The trend in recent decades has been to ever-more flexible working contracts – be it gig economy, independent consultants or the freelancing/project-based work that sits in between. Gig-ers have a company app to engage and pay and indies a company around them. Freelancing et al have always been challenging to administer for both the buyer or seller of labour. However Fintech is changing all this and Underpinned is leading the charge.
Naturally in a world where governments continue to destroy businesses when the CDC data shows that the fatality rate of covid19 is nothing out of the ordinary it is highly likely that you or someone you know may have to take up smaller chunks of work than they ever would in the past.
Equally it’s likely that your Company or one you know will have to engage folks on ever-shorter projects.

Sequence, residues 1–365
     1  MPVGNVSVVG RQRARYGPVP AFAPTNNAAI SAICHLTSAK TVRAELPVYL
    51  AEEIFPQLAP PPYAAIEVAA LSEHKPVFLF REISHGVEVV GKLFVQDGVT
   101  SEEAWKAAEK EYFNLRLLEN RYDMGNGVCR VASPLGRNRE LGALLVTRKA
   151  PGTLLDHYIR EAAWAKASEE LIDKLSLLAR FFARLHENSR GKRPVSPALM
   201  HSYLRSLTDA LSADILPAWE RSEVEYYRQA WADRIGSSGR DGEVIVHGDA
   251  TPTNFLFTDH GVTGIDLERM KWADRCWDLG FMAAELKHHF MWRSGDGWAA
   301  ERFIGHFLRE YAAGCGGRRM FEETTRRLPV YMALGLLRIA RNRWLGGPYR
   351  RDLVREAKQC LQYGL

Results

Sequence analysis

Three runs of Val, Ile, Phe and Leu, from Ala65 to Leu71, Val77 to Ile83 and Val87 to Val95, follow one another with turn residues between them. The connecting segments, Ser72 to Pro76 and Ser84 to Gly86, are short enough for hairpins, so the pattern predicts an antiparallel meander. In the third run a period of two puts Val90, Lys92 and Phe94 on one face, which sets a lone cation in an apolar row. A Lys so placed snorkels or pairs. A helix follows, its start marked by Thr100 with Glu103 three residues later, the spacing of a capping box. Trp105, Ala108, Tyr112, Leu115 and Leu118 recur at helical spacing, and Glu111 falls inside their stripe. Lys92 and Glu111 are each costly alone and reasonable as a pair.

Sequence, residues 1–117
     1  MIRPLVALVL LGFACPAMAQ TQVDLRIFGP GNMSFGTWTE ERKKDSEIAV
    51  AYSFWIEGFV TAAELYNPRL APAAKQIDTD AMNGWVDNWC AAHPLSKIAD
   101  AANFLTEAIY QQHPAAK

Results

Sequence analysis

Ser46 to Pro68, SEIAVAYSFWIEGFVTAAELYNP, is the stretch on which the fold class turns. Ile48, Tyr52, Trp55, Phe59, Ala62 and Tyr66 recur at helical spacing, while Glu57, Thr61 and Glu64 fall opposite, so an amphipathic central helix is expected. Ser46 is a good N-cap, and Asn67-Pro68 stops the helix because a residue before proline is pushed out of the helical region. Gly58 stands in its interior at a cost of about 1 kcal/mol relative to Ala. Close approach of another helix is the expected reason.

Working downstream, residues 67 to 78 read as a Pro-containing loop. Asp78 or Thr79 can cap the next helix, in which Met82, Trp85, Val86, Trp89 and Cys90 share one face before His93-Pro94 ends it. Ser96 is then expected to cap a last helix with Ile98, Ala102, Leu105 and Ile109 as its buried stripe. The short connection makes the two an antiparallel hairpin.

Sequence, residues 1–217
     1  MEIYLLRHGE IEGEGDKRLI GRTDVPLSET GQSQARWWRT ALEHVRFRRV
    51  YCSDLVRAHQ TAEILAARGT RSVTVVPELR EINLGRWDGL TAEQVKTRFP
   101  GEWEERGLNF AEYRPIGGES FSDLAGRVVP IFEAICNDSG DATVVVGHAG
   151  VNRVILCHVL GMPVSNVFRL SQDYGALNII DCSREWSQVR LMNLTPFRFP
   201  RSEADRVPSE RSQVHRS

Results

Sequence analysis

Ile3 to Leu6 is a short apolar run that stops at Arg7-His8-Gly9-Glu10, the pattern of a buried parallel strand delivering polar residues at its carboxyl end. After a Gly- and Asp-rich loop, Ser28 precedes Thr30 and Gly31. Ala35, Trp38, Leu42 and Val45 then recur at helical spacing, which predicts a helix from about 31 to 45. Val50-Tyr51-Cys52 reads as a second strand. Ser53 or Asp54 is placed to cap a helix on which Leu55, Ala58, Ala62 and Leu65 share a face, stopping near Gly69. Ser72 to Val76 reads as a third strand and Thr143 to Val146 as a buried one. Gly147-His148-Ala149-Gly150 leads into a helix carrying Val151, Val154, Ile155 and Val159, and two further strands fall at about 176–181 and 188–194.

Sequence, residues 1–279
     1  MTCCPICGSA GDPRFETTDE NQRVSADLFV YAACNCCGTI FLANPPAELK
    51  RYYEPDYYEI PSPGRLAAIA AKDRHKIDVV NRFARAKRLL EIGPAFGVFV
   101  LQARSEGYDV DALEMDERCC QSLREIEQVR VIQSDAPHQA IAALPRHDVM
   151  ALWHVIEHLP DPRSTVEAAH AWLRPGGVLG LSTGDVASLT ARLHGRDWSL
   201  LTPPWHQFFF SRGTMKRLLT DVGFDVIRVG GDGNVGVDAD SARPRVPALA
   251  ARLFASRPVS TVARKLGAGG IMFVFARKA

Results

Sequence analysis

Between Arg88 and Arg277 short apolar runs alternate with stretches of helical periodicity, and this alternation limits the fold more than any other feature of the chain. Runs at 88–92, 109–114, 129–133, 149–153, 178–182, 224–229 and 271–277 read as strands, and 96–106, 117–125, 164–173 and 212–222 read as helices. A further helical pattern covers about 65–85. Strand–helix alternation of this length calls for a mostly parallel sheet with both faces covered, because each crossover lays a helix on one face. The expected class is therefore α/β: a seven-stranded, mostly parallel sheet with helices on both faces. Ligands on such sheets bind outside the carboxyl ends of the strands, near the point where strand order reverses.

The key to facilitating a more flexible labour-market is to smooth the whole process.
One reason that as the Fintech revolution proceeds Fintechs can do more ambitious things is that there an increasing number of back-end service providers that they can plug into. In this episode Joanne Dewar, CEO of back-end payments services provider GPS – who work with 40 issuing banks globally, and operate programmes with 90+ APIs for over 100 clients (including Revolut, Starling Bank and Bo) in 60 countries in 150 currencies – joins us to share her experience of what drives success in this sector for both the B2C front-end companies and the B2B back-end providers. GPS is furthermore a rare example of a profitable Fintech – which are always good to talk to.
Back-end providers have been with us for a long time – Currency Cloud, who executed most of Transferwise’s FX transactions for quite some time were back on the show years ago.